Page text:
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Paypal is blocking my credit card and account

Recently a ticket service I had to deal with only accepted PayPal payments. I tried using my credit card without registering and it got declined. I then recalled that I did have a paypal account that I made about a decade ago to sell a singe item on Ebay and haven’t touched since. It had a card associated with it – one that expired ages ago. Same number as my current one, but different expiry date and a different security code. Also the address was out of date. I figured the old account constituted a dead record with conflicting information. So I update the info, hoping to be able to pay for service as a registered user, but no! The account gets locked up. Because I changed personal information, I now need to validate my identity and how? By supplying the most sensitive information I would never share with an organization such as PayPal.

I go for the easiest option, which involves responding to an automated phonecall. I enter my cell phone and it gets declined, because a landline is required instead (something they forget to mention ahead of time). I’ve been living without a landline for longer than 10 years and know plenty of people who ditched theirs recently. What about people in similar situations?

I’m about to look for a different option, but no! When I get back to the same web page, PayPal informs me that they have sent a personal letter to my newly listed address for verification. I’ve given them no instructions to do so, but they took the initiative and did it anyway. Until the letter gets to me (if it ever does), I am presented with no options. I can’t even ask for a repeat letter in case the 1st one gets stuck, or tossed out by the postman along with the rest of junk snail mail (as typically instructed).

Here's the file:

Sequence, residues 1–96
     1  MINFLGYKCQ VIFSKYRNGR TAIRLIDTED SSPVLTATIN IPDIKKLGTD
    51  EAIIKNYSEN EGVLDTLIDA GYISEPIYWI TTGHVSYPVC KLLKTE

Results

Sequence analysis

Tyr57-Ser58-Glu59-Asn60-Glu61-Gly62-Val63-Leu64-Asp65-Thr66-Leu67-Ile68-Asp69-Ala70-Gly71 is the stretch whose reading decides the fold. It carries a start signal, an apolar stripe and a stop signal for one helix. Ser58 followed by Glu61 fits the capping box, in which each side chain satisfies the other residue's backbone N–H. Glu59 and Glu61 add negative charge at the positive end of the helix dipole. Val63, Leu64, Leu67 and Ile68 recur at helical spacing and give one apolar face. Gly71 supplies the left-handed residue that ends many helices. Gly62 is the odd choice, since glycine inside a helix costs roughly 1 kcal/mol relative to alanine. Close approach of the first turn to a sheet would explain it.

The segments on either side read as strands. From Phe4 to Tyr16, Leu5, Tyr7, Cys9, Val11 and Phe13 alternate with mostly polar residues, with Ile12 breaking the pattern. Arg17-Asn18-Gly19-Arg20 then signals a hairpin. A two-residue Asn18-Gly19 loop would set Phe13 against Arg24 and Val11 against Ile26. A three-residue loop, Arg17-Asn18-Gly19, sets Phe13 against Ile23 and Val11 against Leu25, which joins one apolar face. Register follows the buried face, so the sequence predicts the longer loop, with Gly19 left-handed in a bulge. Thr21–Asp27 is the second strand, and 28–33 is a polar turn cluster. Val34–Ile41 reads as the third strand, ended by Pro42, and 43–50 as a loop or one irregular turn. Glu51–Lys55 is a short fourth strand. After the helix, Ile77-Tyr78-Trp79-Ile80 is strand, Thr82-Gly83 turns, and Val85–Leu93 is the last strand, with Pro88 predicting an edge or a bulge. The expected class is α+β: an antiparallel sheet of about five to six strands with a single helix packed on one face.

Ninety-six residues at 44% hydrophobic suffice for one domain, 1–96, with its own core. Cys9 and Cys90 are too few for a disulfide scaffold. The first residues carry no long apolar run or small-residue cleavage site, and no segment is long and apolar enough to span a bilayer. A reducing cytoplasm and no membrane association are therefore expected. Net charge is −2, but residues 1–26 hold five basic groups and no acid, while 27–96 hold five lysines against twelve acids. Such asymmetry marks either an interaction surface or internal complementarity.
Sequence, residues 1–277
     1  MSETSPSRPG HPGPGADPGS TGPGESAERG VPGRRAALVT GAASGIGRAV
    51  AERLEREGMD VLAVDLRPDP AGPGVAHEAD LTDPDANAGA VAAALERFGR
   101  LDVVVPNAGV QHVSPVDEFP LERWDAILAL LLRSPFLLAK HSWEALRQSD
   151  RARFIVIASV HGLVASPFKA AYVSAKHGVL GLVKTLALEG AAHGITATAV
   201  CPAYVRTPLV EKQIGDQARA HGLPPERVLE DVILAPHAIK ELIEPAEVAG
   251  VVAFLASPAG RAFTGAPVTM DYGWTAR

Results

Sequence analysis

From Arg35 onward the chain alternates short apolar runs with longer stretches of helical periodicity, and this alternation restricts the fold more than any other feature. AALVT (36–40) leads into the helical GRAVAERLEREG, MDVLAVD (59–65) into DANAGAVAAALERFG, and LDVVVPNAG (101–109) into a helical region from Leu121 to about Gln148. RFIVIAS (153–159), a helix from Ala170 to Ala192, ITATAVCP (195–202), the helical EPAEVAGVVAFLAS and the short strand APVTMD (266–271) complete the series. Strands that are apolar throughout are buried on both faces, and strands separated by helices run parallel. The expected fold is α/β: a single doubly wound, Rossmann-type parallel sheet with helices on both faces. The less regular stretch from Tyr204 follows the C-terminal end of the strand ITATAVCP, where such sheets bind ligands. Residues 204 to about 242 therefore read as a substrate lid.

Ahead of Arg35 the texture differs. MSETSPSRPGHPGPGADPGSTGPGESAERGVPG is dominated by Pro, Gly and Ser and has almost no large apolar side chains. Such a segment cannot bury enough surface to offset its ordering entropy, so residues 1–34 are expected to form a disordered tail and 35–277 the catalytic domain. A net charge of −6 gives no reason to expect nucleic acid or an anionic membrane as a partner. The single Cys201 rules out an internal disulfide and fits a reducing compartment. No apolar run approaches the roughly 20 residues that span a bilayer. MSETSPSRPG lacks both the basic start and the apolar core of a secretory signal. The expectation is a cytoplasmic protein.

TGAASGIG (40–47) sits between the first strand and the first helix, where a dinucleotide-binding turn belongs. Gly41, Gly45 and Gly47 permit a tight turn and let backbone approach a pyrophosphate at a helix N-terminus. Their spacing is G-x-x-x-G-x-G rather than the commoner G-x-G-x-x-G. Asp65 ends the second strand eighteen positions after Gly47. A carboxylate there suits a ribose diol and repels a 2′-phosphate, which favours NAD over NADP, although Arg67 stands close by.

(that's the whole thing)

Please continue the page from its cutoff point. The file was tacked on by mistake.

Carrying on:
Paypal now has my recently updated personal info, my active credit card and god knows what. My account is limited and I still cannot use the credit card to pay for the service.

I’m forced to borrow my spouse’s card and pray that the record of it does not exist somewhere in PayPal’s database. It goes through, fortunately and I’m done for the day.

I now patiently await arrival of the letter so I could unfreeze my zero-balance account and delete it once and for all.

Knowing the type of company PayPal is, I expect to never be free of them completely. The data they mine is too precious to be destroyed at a press of a button. They say they’re keen on protecting users from scammers, but their whole operation runs like a scam. The e-mails I receive from them read like a Nigerian Prince’s personal diary.

Posted: December 2, 2013 at 7:04 pm

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